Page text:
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Champalimaud scientists awarded one million euros by la Caixa Foundation

  1. 26.7.2018

    Carlos Ribeiro and Leopoldo Petreanu have been awarded Health Research la Caixa Grants of nearly 500,000 euros each to coordinate scientific projects. The grants are attributed to by the Foundation of la Caixa bank, Spain’s third largest financial institution. This is the first edition to include project coordinators working in Portugal.

    A third researcher, Mireia Castilho, has been awarded 25,000 euros to collaborate with another la Caixa-funded project, this one coordinated by a group based in Bilbao, Spain.


    Clockwise from top left: Carlos Ribeiro, Leopoldo Petreanu and Mireia Castilho.

    Ribeiro, the principal investigator of the Behavior and Metabolism Lab at the Champalimaud Centre for the Unknown, coordinate a three year project that aims to understand precisely how gut bacteria regulate our food choices.

    In their application the scientists write: “What we eat has a profound impact on our health and wellbeing. Proteins are important nutrients which regulate how fast animals age and how diseases affect organisms, including humans. What
    makes animals and humans decide which food to eat is not well understood. Over the last years, we have discovered that bacteria in our gut regulate how our body functions and even how our brain works. We have recently shown that two gut bacteria have a strong influence on the desire to eat proteins: when they are present in the animal they suppress protein cravings. How they do so is not understood.”

    Gut bacteria are thought to act on animals by transforming nutrients in the food into chemicals which influence the host, so-called metabolites. What the team now wants find out is which of the metabolites made by the gut bacteria influence protein cravings; which of these metabolites can alter protein cravings; and lastly, how these metabolites alter the way the brain processes taste information.

    “This is a game changer as it will allow us to use a state of the art technology called metabolomics to identify the signals that gut bacteria send to speak with the host to influence brain function and food choices”, says Ribeiro. Once we know which signals are used, we can see if they are also used in other organisms and can also modify them to influence or mimic the effects of gut bacteria in diseases.”

    Petreanu, the principal investigator of the Cortical Circuits Lab at the Champalimaud Centre for the Unknown, will coordinate a three year project that aims to find out where predictions about the world, based on previous experience, are stored in the brain, and how these learned predictions are combined with incoming sensory stimuli to allow us to make sense of our surroundings.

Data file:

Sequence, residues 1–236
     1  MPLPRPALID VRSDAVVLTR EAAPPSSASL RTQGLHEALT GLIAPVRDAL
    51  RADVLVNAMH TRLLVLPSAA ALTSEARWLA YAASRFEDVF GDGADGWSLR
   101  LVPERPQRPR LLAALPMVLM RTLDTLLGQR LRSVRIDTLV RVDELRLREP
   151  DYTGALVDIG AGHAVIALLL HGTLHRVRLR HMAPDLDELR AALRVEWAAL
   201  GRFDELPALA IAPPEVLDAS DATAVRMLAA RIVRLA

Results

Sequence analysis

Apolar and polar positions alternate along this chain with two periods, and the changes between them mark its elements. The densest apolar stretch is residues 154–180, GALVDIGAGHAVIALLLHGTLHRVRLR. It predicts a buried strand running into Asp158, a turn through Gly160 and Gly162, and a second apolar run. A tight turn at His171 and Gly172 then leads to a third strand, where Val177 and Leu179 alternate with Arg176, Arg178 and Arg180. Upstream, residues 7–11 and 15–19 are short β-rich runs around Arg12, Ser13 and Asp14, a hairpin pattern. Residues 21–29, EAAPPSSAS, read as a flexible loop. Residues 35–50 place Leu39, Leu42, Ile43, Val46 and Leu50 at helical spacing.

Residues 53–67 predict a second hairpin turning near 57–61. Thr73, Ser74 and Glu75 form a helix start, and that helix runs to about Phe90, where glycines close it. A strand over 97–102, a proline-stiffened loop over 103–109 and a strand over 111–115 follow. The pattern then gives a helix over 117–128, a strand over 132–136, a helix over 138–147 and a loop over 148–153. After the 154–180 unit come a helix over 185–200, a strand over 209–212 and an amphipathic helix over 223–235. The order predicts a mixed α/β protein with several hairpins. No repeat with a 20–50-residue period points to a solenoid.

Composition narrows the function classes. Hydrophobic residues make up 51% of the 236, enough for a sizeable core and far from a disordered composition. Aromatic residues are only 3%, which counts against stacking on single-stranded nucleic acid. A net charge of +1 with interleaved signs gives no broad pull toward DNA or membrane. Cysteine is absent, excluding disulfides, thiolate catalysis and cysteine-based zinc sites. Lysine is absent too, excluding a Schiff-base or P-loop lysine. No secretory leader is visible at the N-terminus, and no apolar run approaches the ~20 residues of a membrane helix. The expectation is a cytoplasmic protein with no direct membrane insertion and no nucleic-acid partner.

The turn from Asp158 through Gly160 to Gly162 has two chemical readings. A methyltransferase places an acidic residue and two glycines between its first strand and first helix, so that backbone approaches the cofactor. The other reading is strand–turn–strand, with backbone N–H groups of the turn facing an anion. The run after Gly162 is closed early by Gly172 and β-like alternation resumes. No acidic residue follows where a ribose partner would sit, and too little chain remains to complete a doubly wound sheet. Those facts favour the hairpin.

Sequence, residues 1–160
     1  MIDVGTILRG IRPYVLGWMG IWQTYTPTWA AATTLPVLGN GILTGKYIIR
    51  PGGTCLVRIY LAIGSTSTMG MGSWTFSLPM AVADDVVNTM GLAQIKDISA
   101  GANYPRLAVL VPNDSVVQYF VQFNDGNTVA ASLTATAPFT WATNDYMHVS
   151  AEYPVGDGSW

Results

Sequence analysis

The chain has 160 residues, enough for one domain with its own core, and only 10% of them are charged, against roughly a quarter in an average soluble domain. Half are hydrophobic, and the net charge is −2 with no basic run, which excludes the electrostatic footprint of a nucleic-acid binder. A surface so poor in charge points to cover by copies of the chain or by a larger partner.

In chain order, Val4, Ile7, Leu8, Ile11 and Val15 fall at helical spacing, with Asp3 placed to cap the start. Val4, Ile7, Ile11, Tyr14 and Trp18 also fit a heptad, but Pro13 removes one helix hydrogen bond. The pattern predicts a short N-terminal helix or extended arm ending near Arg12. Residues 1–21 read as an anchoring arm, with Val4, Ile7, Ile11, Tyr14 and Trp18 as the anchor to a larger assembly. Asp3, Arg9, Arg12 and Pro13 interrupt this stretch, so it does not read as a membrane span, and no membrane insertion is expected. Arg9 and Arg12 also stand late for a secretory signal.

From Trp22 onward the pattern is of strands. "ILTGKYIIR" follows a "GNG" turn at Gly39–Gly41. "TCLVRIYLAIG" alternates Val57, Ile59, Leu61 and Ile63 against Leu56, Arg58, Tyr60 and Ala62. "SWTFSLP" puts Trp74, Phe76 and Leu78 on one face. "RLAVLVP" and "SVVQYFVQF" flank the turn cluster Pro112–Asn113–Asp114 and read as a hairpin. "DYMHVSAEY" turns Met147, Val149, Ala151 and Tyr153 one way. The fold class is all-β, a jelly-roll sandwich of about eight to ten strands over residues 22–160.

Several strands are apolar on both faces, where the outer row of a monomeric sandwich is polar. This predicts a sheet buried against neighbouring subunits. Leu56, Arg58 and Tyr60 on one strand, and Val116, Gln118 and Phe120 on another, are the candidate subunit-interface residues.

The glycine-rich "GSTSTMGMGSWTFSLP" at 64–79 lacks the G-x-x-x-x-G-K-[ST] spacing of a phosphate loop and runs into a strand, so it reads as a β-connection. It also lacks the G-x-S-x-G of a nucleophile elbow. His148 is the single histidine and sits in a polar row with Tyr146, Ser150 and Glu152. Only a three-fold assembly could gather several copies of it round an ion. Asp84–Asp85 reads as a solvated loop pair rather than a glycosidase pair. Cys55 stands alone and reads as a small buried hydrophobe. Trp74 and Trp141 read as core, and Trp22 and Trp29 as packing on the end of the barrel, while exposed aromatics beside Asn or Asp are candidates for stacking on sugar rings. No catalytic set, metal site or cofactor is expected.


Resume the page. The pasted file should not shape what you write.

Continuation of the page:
“In previous work, we showed that connections linking different areas of the cerebral cortex could be storing visual predictions. Now we intend to test if connections linking areas of the mouse visual cortex do indeed reflect experience-learned predictions and how they are combined with sensory stimuli”, the scientists write in their application. Malfunctions of the brain’s predictive capabilities may underlie schizophrenia and autism spectrum disorders. These proposed experiments will provide a framework for understanding their role during disease states.

    “The generous support from La Caixa will allow us to take our research program into new directions”, says Petreanu. “We plan to use the funds to develop novel optical approaches to measure the function and organization of brain circuits. This will allow us to ask novel and exciting questions that would be impossible to address otherwise.”

    Castilho, the principal investigator of the Molecular and Experimental Pathology Lab at the Champalimaud Centre for the Unkown, will collaborate as a comparative and molecular pathologist, in a three year Portugal-Spain La Caixa-funded project coordinated by Arkaitz Carracedo, the principal investigator of the Cancer Cell Signaling and Metabolism Lab at CicBiogune, Bilbao (Spain).

    The overall project’s title is “Eradicating prostate cancer metastasis before clinical manifestation”. It aims to provide urologists with molecular markers which, based on primary tumor biopsies or positron emission tomography imaging, can serve as clinical criteria, following radiotherapy or surgery, to establish the chemotherapeutic regime most likely to be efficient in preventing metastasis in high-risk patients.

    “[Our lab] will generate a protein-based signature for implementation in the clinical practice to identify
    high-risk metastatogenic tumors at diagnosis”, says Castillo. They will also investigate the effectiveness of different therapeutic approaches in mouse models.

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